Jun 11

Arduino Leonardo Review

The new Arduino Leonardo board showed up last week and I’ve been having a lot of fun putting it through its paces. It’s always exciting to get my hands on a new piece of hardware and this is no exception, but it is not without its challenges.

The good

  • The USB mouse and keyboard functions are a lot of fun to work with. I don’t normally work on projects that function as human interface devices but this opens up new possibilities. The first thing I did was configure a Wii nunchuck as a mouse (Tutorial on how to set this up coming soon).
  • The microUSB connector is great. I always felt like the full sized USB Type-B connector on the UNO and earlier boards seemed straight from the 90s. I have microUSB cables everywhere because my phones have had them for the last 3 generations.
  • The layout of the board in general is much cleaner and organized than previous boards. I love that all 4 LEDs for power, blink, RX and TX are lined up between the barrel jack and the USB connector. Also the separate pins for SDA and SCL are nice (I’m still on the R2 version of the UNO so this is new for me).
  • Pin 13, which is tied to the onboard LED, is now a PWM pin so you can test fading without any additional components
  • Because the processor on the Leonardo performs the function of running sketches and communicating over USB there are less components needed which is the reason for the cleaner footprint but it also allows the board to be slightly cheaper.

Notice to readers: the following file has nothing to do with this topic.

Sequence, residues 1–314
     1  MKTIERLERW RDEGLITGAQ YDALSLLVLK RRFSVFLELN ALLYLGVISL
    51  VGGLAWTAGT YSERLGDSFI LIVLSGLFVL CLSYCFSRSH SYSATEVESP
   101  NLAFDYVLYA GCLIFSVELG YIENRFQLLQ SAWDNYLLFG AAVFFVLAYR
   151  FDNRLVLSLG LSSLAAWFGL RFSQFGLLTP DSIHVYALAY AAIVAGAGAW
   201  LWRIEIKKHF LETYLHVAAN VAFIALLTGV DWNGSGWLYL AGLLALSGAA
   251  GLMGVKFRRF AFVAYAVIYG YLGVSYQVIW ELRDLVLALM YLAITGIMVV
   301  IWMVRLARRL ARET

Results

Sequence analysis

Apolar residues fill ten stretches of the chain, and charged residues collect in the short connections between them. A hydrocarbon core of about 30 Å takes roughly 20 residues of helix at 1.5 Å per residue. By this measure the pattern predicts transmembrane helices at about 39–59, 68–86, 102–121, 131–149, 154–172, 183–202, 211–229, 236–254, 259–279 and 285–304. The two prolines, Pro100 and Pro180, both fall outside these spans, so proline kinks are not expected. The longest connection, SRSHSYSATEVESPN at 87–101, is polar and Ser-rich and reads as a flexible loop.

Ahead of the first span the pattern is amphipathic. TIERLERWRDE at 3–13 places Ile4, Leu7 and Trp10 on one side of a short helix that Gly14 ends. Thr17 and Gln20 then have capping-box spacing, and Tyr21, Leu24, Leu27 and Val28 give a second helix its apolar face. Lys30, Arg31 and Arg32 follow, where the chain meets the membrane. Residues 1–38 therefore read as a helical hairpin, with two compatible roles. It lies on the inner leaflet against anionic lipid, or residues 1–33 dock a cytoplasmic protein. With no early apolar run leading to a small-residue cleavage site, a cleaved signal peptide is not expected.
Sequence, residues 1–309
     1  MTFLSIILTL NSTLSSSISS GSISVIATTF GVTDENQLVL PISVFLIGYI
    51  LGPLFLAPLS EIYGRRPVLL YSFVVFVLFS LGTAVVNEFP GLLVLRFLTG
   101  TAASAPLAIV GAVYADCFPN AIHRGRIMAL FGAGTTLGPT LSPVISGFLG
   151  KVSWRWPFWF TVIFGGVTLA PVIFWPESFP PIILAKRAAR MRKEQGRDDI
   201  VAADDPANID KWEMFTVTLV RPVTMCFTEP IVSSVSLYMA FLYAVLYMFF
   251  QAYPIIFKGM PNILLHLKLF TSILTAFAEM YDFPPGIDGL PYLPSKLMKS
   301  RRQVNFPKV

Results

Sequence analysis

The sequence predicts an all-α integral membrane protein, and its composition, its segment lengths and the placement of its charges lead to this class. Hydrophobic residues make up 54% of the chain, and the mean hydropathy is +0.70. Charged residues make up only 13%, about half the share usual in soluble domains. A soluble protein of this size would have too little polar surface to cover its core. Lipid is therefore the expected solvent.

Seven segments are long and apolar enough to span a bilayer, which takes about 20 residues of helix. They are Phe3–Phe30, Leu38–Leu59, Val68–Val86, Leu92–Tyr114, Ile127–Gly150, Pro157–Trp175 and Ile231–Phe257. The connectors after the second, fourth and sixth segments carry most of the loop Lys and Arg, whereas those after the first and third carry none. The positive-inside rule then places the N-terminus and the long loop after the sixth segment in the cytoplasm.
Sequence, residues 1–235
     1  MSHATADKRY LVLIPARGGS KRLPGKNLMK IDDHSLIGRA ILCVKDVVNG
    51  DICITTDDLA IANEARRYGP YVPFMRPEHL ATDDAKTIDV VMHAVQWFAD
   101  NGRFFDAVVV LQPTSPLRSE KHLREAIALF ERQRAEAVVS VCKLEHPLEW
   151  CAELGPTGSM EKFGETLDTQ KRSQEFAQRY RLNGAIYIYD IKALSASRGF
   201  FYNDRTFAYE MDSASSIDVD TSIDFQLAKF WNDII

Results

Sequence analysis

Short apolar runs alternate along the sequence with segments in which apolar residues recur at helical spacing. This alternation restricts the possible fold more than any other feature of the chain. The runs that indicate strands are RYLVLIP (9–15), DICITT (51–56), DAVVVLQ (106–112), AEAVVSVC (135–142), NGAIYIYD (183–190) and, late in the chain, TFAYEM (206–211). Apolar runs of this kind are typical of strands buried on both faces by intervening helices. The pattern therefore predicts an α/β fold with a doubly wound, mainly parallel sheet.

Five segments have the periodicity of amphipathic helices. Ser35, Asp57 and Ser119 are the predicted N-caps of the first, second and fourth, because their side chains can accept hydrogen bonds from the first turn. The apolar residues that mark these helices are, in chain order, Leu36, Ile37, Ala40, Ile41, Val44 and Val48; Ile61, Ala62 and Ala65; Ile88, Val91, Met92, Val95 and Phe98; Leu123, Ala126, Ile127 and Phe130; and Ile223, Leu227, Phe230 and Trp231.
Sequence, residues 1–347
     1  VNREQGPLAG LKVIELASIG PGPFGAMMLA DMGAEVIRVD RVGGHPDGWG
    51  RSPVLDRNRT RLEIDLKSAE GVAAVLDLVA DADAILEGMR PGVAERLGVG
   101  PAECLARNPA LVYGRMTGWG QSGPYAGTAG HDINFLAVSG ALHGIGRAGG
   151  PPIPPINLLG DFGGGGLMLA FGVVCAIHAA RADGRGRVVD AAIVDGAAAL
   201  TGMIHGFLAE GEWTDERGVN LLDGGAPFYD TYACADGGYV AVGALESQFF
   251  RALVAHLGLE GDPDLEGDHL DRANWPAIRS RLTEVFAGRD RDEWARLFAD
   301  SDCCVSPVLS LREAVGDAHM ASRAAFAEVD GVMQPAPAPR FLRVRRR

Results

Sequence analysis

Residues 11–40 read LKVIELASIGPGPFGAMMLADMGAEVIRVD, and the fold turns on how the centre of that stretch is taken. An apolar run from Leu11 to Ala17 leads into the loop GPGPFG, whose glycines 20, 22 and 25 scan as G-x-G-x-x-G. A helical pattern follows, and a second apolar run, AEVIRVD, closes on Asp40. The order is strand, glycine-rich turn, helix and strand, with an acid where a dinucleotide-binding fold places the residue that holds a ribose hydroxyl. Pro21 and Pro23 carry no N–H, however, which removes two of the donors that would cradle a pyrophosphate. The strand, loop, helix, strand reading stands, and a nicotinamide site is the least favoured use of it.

• Double the Analog Pins! A0-5 are in the same spot but D4, D6, D8, D9, D10, and D12 can also be used as analog input pins. If you have a project that happens to need more analog inputs this is a great benefit.

The challenges

  • Every time the Leonardo is reset it will create a new virtual COM port with a different number. This is different from the UNO and Duemilanove which were on the same ports regardless of where it was plugged in or if it was reset. The Leonardo will show up as different ports even when plugged into the same USB slot. The Arduino IDE 1.0.1 adapts to this by searching for a new virtual COM port but if you use other software to communicate with a project, like Putty, you will have to change it each time.
  • The pins on the Leonardo are remapped and repaired. Because the underlying chip has changed from the ATmega328 to the ATmega32u4 the functions of the physical pins on the chip and by extension the Arduino itself have different functions. A perfect example of this is the I2C pins which used to share the pins for Analog input 4 and 5. Now share the pins for Digital 2 and 3. This is going to be something to watch out for especially for shields that use hard coded pins for specific functions. To review how the pins are mapped see this graphic: PinMapping32u4
  • This pin mapping will also pose challenges to certain libraries that refer directly to the ports used on the chip itself. I ran into this with the Wiichuck code.


Overall the Leonardo is a great board. The new features are worth the minor frustrations that come along with it. If you have invested over the years in a large inventory of shields then you may want to consider if this is the right fit for you. However, if you want to take advantage of the USB device emulation functions, extra analog pins or plan to embed this in a project and want to save a couple bucks then I would not hesitate in purchasing one.

The Leonard is now available on Amazon: